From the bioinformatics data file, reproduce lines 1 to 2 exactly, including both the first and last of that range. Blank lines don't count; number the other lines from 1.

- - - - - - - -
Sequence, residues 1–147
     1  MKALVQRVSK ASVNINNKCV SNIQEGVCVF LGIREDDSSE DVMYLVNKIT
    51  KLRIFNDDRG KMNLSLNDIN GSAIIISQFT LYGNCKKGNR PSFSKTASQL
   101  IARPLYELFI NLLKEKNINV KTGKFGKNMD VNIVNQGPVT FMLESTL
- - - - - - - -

Sequence, residues 1–147
     1  MKALVQRVSK ASVNINNKCV SNIQEGVCVF LGIREDDSSE DVMYLVNKIT